While passengers on Pullman car trains such as the Pennsylvania Limited, which crossed the Susquehanna River on it route, were served by black porters who, as newly freed slaves, saw the positions as an opportunity to advance. But, over time, the porters slowly became symbols of black subservience.

He had waited on tables, carried luggage and operated an elevator. He never received a degree but educated himself by taking advantage of free university classes. He stared down presidents, union bosses and, eventually, George Pullman.

It took 12 brutal years from that first meeting in Harlem in 1925 for the Brotherhood of Sleeping Car Porters to be formally recognized as a union.

Activists were beaten and spied on, and some were thrown from trains to try to break the union-organizing push.

Margaret Tardy Miles said her father talked often of Randolph, and Harold Tardy considered himself a disciple of the labor leader. She even had a chance to sit next to the labor organizer at a Pittsburgh dinner. She knew nothing of the fights, firings and other ills that were part of the formation of the union.

"Dad never mentioned anything about being in danger," she said. "If it happened, the children didn't know about it."

Ironically, in forming the union, some of the porters' first battles were in the black community.

In Chicago, the Pullman headquarters and the city where a majority of the porters lived, many blacks shunned the idea of forming a porters' union. They were already excluded from other unions and didn't trust them. Also, Pullman's company was respected for the money it put into the black community.

Attitudes began to change, said Bates, after ministerial support and black- newspaper editorials began to champion a black union as a way to lift up the rights of all black workers.

Randolph's newspaper, The Messenger, advocated that a black union "must work for completing the unfinished task of emancipation."

By 1935, Randolph's fiery rhetoric had managed to raise half a million dollars in his effort to gain company recognition. In 1937, Pullman signed a contract recognizing the Brotherhood as a union.

The first thing to go: the practice of addressing the porters as George.

The union's motto was: "Stands for service, not servitude." The porters gained pay increases, shorter work weeks, a reduction in the amount of miles they had to travel and widespread respect.

In fact, they became the most significant and influential black labor group in America, a status that lasted until the 1960s, when rail travel began to fade.

In its formative years, the union also increased the stature of Randolph, who became a powerful civil rights figure.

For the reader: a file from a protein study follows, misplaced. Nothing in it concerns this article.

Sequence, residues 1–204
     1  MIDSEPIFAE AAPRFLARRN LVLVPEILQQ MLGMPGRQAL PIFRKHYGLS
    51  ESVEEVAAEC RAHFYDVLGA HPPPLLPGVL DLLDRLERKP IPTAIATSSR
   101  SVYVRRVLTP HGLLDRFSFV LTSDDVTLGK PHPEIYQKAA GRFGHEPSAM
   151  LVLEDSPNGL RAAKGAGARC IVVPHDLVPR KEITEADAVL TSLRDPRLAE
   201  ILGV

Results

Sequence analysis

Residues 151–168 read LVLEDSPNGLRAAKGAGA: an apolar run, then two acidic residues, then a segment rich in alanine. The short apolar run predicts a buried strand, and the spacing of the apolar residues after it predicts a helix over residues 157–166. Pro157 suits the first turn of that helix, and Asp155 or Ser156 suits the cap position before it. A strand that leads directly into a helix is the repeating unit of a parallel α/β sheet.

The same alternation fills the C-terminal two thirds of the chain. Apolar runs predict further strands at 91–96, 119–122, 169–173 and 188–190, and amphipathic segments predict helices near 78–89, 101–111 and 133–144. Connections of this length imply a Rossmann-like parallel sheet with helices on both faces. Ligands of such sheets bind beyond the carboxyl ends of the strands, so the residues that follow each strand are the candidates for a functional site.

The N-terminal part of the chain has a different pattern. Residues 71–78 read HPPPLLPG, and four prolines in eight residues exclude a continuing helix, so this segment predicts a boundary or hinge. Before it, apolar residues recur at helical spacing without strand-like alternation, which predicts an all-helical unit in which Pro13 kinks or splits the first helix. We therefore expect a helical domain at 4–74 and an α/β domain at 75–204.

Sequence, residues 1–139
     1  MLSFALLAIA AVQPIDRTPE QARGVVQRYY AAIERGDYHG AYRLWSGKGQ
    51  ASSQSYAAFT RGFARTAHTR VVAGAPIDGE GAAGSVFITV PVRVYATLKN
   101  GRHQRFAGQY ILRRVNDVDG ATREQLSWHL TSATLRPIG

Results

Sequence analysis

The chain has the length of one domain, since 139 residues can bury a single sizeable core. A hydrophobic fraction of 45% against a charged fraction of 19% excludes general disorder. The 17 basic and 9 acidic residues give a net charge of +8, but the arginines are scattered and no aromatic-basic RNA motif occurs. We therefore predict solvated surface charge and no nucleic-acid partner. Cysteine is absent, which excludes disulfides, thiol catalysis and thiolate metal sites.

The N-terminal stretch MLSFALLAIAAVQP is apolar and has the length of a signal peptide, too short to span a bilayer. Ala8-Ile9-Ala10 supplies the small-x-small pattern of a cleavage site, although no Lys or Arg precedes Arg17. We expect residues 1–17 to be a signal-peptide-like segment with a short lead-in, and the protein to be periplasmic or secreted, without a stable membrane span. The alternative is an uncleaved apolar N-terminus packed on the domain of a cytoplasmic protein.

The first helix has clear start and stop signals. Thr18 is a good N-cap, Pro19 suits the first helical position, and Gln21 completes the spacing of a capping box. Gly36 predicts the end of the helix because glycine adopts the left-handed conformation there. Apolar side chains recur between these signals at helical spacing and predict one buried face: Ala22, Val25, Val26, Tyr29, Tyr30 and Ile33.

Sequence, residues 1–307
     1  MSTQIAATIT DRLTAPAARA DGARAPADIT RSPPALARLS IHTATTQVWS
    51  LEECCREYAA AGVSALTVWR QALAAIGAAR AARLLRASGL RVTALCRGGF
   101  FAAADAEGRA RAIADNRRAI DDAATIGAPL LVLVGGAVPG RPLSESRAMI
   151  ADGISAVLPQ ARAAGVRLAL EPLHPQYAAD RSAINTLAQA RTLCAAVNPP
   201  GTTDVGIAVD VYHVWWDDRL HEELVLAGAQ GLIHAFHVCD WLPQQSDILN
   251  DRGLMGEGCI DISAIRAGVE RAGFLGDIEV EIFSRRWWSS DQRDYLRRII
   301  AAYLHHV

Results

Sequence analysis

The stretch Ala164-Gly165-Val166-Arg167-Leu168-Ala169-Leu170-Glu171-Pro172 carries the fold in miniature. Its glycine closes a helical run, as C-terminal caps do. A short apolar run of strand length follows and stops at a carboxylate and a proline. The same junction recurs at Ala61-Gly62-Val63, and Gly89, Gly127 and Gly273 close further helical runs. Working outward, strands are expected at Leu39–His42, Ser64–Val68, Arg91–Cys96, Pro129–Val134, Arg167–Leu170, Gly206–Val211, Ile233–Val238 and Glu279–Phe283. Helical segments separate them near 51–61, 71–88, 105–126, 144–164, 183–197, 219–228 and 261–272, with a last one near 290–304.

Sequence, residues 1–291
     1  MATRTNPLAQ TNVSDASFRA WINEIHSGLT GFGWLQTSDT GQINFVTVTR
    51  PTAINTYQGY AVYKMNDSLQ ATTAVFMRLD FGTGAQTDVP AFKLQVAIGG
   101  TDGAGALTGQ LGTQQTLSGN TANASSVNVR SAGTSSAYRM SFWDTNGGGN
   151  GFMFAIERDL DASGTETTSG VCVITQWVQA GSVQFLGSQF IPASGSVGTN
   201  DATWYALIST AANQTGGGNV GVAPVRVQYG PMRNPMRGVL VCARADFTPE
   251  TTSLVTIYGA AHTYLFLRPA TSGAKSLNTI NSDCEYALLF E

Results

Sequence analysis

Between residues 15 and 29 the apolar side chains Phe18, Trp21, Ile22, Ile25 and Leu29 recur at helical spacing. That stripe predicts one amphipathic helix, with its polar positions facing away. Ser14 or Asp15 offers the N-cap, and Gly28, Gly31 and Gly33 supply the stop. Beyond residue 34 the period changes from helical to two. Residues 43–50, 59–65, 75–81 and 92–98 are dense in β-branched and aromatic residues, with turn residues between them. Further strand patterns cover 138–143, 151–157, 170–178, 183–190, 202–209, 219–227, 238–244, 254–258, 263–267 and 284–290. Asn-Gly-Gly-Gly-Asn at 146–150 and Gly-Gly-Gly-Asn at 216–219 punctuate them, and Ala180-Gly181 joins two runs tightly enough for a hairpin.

Randolph thought it was a disgrace that black taxpayer money was being used to support industries that refused to hire black workers. In 1941, he planned a national protest in Washington, D.C., soliciting and finding support among black churches and social groups that wanted to bring attention to the inequities. The protest had been planned for July 4, but before it occurred, President Roosevelt signed an executive order decreeing an end to racial discrimination in government and the defense industries.

The subtext, said Bates, was that "economic citizenship meant first-class citizenship."

Randolph continued to build networks between black organizations to keep pressure on the unions and government to force change.

He was the vigor behind the 1963 March on Washington, which was an idea that actually took root for him in the '40s, during World War II.

Men of distinction

The numbers of surviving Pullman porters are dwindling today. The Brotherhood ended in 1978, when declining rail travel reduced its ranks, and the union merged with the larger, integrated Brotherhood of Railway and Airline Clerks.

In the past decade, though, they've received some long overdue attention. There have been books; oral history projects; the 1995 opening of the A. Philip Randolph/Pullman Porter Museum Gallery in Chicago; the Pullman Blues Tour, a whistle-stop train tour that highlighted the victories of the porters, from Feb. 9-16, 1997; and a new Showtime movie, "10,000 Black Men Named George," which gives porters a chance to tell their stories.

Most Pullman porters lived in Chicago, New York City or in the South. But there were a few in Pittsburgh, and those who encountered them never forgot them.

Homewood's James Austin, 77, said he glowed whenever his porter uncle, Spurgeon "Sonny" Austin, visited. "Sonny" stayed with the family instead of bunking with other porters in a boarding home on 28th Street in the Strip District.

Sonny churned out dozens of tales from his travels and fascinated his nephew because he "could make a bed faster than anyone in the house," a skill honed on the rails.

Memories are fresh for Vera Hubbard, too. As a young woman living in bustling Terrace Village in the 1940s Hill District, she recalled her neighbor, Mr. Stallworth.

"I didn't know him very well," she said, her voice blushing on the phone from her Penn Hills home. "But he appeared to be the epitome of a gentleman. Always well-dressed, he was handsome in his uniform and always carrying a suitcase.

"He was mesmerizing."